Star of the Sea

January 9, 2010

That, according to Berty Ashley is what Stella Maris means. (Also according to wiki and latin translations).

And that is where we all were today. Long hours of plotting went on behind closed doors and windows. Unearthly howls were reported by terrified neighbours. Eerie music and flashing lights…
Well, that was actually the disco party at the Taj. But ROB came pretty close as well.

And we sure attracted attention in Stella! Sid and Krish’s song (with enthusiastic backup by other ROBbers) was a resounding success. (Pun, geddit? Sigh. Never mind.)
Moving on- Nityanand Jeyaraman was the judge for the Debate held at Aquilae (It’s what they’ve called their culturals). The topics had the participants stymied for a while. One doesn’t often see topics like ‘Annual Beach Clean Up by NSS students- solution or problem?’, ‘Corporate Social Responsibility- eyewash or sincere effort?’ and ‘Is student activism key to capturing the essence of democracy’ as topics for a debate. Not all three together!

But they were- and defended/fought for quite well by the participants. Nity seemed in his elements asking people questions that really made them stop and think and defend their stance, as opposed to rattling off arguments they’d prepared minutes ago.

ROB volunteers floated around Stella- the white, be-turtled t-shirts could be seen dotting the grounds very prettily. The ROB stall, selling the same (t-shirts not volunteers) did pretty good business.

There was a low table covered with t-shirts and the Bhopal Calendars as well as information on the aftermath of the Bhopal gas leak.
Strung up between trees were the Robbers’ photographs of the beach, hanging between the ROB banners.  Very attractive,  (We Robbers seem high on aesthetics!) attention grabbing- and likely to stay in your mind!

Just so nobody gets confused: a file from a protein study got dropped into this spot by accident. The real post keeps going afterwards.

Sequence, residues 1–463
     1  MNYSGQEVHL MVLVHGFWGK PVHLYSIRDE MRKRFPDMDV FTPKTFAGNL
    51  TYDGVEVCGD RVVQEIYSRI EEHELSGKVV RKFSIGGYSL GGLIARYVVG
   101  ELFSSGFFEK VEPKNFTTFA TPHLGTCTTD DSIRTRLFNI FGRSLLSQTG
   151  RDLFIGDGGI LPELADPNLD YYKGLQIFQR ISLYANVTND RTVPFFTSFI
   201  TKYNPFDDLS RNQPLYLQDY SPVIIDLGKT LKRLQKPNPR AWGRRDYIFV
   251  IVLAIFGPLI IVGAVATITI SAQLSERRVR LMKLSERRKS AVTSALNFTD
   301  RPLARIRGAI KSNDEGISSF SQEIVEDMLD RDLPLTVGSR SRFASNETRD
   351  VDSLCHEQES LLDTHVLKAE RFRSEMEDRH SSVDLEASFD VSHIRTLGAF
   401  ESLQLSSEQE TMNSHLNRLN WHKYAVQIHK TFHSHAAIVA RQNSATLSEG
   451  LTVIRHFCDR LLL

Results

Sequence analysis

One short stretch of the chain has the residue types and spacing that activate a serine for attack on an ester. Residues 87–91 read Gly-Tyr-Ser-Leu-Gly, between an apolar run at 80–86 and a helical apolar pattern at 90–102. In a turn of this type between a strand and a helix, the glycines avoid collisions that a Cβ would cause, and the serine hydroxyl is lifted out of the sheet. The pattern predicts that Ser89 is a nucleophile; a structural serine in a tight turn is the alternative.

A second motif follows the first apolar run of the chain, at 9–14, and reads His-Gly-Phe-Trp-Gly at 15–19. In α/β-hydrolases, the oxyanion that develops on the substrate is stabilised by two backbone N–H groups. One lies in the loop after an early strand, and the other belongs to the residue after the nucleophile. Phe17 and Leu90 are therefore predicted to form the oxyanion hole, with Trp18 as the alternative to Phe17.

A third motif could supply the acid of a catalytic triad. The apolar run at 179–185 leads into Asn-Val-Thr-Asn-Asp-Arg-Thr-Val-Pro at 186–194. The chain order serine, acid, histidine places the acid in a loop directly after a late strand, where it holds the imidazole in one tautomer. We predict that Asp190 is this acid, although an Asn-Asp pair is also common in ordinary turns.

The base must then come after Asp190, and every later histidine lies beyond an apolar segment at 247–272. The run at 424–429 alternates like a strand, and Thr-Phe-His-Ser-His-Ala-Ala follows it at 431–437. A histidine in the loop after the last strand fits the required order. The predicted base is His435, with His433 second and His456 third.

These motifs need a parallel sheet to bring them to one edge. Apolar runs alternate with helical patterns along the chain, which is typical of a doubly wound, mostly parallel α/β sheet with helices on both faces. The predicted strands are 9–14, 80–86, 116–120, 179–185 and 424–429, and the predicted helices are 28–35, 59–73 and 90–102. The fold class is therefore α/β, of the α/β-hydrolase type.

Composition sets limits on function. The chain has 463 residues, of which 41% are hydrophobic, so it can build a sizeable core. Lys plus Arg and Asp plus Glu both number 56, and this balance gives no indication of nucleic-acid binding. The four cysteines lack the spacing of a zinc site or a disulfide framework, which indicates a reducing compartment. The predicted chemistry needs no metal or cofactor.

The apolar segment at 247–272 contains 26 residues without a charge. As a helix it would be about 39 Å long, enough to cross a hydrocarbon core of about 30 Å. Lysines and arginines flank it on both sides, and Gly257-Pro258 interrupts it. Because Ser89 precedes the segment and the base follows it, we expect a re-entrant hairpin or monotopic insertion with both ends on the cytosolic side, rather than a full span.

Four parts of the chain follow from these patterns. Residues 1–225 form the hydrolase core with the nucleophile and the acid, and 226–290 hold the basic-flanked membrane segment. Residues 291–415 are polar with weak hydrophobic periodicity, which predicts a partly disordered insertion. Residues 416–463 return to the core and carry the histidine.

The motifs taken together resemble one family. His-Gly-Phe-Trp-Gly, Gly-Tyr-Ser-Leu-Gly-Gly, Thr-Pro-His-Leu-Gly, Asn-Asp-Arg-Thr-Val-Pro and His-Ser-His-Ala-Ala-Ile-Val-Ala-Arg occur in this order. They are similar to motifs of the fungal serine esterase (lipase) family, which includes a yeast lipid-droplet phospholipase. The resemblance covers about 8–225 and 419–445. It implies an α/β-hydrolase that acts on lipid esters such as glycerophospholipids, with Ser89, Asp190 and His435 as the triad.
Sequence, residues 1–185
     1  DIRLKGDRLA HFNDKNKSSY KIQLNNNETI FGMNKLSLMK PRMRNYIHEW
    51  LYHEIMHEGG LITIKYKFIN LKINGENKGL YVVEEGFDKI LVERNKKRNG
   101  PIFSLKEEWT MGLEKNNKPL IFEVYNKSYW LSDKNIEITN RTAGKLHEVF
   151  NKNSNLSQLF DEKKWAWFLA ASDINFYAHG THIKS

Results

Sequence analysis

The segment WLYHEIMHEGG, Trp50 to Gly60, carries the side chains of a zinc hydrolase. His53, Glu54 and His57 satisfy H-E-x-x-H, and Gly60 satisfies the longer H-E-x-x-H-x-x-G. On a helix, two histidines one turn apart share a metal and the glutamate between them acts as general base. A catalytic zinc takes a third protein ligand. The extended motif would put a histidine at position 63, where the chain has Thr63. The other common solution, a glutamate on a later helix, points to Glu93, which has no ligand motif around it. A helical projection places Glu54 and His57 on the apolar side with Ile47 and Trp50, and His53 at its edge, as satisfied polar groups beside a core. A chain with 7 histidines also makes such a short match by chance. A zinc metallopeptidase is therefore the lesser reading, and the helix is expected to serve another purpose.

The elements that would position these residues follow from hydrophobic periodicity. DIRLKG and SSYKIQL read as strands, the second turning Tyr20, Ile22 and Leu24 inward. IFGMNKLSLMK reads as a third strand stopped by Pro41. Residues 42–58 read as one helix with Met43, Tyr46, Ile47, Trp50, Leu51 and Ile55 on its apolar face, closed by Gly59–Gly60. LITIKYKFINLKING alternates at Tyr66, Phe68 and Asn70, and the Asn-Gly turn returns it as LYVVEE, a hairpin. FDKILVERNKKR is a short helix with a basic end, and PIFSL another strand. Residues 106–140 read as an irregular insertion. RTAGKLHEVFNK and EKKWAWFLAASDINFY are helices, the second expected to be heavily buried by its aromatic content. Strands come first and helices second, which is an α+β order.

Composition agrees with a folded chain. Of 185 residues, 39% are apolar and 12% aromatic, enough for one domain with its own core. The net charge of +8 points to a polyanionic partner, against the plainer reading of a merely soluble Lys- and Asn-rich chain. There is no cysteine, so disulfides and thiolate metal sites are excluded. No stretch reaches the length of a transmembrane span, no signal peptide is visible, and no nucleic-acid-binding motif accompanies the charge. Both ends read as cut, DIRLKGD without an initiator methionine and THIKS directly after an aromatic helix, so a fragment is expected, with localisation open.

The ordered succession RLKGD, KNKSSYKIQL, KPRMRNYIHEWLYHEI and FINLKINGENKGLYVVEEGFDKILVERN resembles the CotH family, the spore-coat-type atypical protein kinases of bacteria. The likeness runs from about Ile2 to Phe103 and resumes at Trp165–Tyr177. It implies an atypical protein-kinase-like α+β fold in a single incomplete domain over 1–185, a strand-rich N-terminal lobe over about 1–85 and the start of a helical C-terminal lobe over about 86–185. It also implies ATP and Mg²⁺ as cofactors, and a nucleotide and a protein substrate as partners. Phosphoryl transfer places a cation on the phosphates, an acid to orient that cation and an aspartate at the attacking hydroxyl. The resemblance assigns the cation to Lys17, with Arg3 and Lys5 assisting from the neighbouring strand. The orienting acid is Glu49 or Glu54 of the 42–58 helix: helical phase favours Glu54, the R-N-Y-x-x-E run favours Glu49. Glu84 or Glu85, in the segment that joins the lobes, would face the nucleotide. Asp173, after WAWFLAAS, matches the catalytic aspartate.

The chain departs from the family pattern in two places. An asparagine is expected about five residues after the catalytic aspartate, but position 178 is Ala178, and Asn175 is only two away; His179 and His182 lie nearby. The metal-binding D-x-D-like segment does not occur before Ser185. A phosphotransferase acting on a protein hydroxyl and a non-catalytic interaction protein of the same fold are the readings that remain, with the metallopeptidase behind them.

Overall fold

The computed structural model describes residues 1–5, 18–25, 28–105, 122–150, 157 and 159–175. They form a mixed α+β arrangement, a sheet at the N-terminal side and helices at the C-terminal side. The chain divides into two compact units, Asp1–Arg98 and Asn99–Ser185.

The Robbers from Stella did a great job co-ordinating this outreach and ROB as a group responded marvellously.

A huge thanks to Stella Maris for allowing us a stall in the culturals! And a huge round of congratulations to the volunteers responsible for today. From where I was sitting (pretty much all over the college :D) we did great!

Akhila, ROB


The ROB manifesto

December 20, 2009

“Reclaim Our Beaches” is a campaign by Chennaiites to reclaim our
public spaces beginning with the beaches — one of the last remaining
truly public spaces where people go for fresh air, fun, exercise,
livelihood, some private moments with a loved one, for the elderly to
sit around talking to their peers, a romp on the sands with our little
ones, for peanuts and the merry-go-round, for a game of frisbee or
cricket, a walk on the waterline to protect the Olive Ridleys. The
campaign is aimed at reviving our responsibility over this public
space, as the only way of preventing this space from being
commandeered to suit the designs of vested interests — real estate
lobby, politician-contractor mafia.

Reclaim Our Beaches is an initiative that is triggered by the sorry
state of our most cherished public space, and the fact that as users,
the lot of us named above have done little to prevent the beach from
being run over by trash — plastic spoons, water sachets, balloon
pieces, broken glass, beverage containers. From time to time, the
Government orders our school children to clean-up the trash on the
beach, and calls that an environmental activity. Why our children are
called in to clean up after somebody else is never really explained.
Neither is there any explanation of what steps are being taken to
prevent littering on the beach, or the use of unsustainable material,
or of why all the waste that is collected from the beaches are dumped
on the unsuspecting communities living near Perungudi and
Pallikaranai. Through this aimless deployment of our children as
labour to clean up after somebody else, we are conveying that it is ok
to mindlessly use and throw trash, including plastics, that those who
dirty the place need not clean up, and that the only way to clean up
the beach is to dirty someone else’s neighbourhood.

The Right Clean-up: Reclaim Our Beaches Initiative proposes to engage
Chennai residents, beach users and visitors in an effort to clean up
the beaches and keep it clean — not by periodic clean-ups by unpaid
child labour; nor by engaging in periodic clean-ups by paid adult
labour;  but by potty training our society. The Clean-up Campaign that
begins in November will converge to a massive clean-up on January 30,
2010, and a celebration on January 31.

Spearheaded by 350me, a youth initiative, and the Save Chennai Beaches
Campaign which is a collective of residents opposing the Elevated
Expressway on the beach, Reclaim Our Beaches is an initiative to
reclaim democracy.